Toby’s story – ATO prosecution & a big tax debt

The ATO served Toby with a Complaint and Summons in early 2017.

He was being prosecuted for not lodging 12 income tax returns and 41 Business Activity Statements.

He went to Court on the day listed on the Complaint on his own. It was stressful for him. The Magistrate gave him an adjournment so that he could get legal advice.

Toby searched online and found the Hartigan Law website. He called and we arranged a time to meet.

During our first meeting, I looked at the Complaint and Summons. I calculated his maximum potential penalty for all these charges – it was around $280,000. It was serious.

We also talked about what would happen once he lodged his returns. He would have a tax debt and the ATO would charge him interest on the unpaid tax.

We talked about his strategy.

I have represented many clients charged under section 8C of the Taxation Administration Act 1953. I know what to look for and how to help. I specialise in tax and know how the tax laws work. This is essential when dealing with charges like these.

The first thing was to get his tax returns lodged. I introduced him to an accountant who could help him to lodge his returns quickly.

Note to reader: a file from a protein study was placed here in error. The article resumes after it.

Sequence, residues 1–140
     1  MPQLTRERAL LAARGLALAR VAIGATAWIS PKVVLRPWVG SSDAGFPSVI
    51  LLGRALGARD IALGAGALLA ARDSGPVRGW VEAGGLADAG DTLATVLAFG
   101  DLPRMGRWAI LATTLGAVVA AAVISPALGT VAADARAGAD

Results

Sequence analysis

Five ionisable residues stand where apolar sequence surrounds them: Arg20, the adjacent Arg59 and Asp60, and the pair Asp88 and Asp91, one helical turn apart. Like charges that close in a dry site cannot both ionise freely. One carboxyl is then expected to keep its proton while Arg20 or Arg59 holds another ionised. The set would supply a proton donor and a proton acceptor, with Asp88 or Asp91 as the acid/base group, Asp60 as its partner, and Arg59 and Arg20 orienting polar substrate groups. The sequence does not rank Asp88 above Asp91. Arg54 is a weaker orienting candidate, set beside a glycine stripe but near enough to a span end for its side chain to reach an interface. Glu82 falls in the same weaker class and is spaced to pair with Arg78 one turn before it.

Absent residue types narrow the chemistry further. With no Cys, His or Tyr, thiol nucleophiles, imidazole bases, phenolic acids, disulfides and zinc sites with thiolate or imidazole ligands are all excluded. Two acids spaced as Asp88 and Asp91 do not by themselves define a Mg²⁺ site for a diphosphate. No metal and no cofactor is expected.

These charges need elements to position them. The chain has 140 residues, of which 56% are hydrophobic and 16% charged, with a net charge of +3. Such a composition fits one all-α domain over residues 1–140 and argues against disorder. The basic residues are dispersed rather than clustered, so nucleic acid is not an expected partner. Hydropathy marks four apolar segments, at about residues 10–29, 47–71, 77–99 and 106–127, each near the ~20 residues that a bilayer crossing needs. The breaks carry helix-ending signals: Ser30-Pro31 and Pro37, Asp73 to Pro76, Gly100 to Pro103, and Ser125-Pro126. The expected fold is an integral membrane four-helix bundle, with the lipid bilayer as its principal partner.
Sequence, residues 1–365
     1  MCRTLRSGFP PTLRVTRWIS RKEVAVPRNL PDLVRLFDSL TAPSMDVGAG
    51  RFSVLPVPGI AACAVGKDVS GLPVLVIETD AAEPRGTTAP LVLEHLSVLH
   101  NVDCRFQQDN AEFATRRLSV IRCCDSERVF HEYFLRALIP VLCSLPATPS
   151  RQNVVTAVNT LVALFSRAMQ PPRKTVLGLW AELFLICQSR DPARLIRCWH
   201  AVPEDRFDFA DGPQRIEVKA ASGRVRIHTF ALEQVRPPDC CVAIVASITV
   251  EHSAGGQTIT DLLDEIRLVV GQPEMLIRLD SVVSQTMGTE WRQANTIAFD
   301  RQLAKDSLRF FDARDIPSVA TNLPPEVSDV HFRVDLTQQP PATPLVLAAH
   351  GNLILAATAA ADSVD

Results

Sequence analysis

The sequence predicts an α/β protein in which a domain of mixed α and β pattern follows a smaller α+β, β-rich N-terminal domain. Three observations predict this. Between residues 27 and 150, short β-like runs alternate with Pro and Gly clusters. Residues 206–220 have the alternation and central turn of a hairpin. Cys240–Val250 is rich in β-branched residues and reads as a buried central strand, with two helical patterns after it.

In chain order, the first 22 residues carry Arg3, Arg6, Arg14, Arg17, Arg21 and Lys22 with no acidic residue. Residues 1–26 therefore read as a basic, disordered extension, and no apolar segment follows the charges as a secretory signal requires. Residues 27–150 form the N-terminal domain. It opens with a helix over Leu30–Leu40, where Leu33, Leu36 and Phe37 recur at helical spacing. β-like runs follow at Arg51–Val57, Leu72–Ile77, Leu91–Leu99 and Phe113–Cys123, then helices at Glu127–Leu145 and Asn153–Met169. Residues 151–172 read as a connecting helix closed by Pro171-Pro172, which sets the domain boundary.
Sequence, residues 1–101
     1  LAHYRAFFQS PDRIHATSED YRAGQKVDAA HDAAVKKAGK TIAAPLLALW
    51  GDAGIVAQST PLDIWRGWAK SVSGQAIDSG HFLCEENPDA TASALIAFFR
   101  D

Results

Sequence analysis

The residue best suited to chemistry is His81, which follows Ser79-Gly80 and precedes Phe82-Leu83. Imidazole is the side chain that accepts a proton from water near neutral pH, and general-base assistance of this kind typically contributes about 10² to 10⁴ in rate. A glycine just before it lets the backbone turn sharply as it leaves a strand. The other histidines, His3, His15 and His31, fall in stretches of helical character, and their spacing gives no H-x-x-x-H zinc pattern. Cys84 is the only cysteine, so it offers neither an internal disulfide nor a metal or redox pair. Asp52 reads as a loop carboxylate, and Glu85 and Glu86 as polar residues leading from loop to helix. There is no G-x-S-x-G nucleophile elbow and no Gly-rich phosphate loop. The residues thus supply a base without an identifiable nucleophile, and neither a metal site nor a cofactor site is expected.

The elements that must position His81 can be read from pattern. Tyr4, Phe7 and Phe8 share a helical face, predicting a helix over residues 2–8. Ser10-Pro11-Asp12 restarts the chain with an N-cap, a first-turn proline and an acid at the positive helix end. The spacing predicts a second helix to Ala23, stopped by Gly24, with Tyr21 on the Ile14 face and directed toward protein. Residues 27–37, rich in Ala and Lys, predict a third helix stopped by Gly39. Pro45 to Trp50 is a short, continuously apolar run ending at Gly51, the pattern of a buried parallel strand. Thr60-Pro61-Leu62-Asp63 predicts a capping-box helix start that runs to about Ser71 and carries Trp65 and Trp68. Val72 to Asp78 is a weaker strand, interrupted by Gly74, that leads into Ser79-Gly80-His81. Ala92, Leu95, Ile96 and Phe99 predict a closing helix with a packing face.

Hot tip.

It is important to lodge your returns as soon as possible when you’re prosecuted for not lodging tax returns. This is a factor that the Magistrate will consider when deciding how much the penalty should be. 

Because I deal with these charges fairly often, there are a number of strategies that I have used to get charges withdrawn. I was able to draw on this experience for Toby.

I instantly recognised something about his situation that meant he was likely to have some of his charges withdrawn. I’d had similar cases before.

Before the whole thing was over, I was able to arrange for the ATO to drop over 75% of the charges.

Things were already looking better.

When we went to Court, Toby entered a guilty plea to the remaining 12 charges. I made detailed submissions to the Magistrate about Toby’s situation. There are laws about what the Magistrate needs to consider when deciding a penalty. There are also other cases which guide the Magistrate when making a decision.

I based my submissions on these laws and cases. I told the Magistrate exactly what he needed to know so that he could decide the penalty. I explained why he deserved leniency.

The Magistrate imposed a fine of $8,000 and ordered Toby to pay the ATO’s costs of around $400. This was a pretty good result – it was on the lower end of the usual fine in these sorts of cases. Remember the maximum potential penalty was around $280,000 for the 53 charges brought against him originally.

Unfortunately, that wasn’t the end of Toby’s tax issues.

He had a tax debt of around $79,000 after lodging his tax returns. About $47,000 of this was the general interest charge, which the ATO imposes for late payments. Toby didn’t have this kind of money lying around. He needed a plan for how he could pay this. Otherwise, he would never know when the ATO would take debt collection steps against him.

The first thing I was able to negotiate was a payment plan. With this in place, the ATO wouldn’t take any action against Toby (as long as he was making the payments).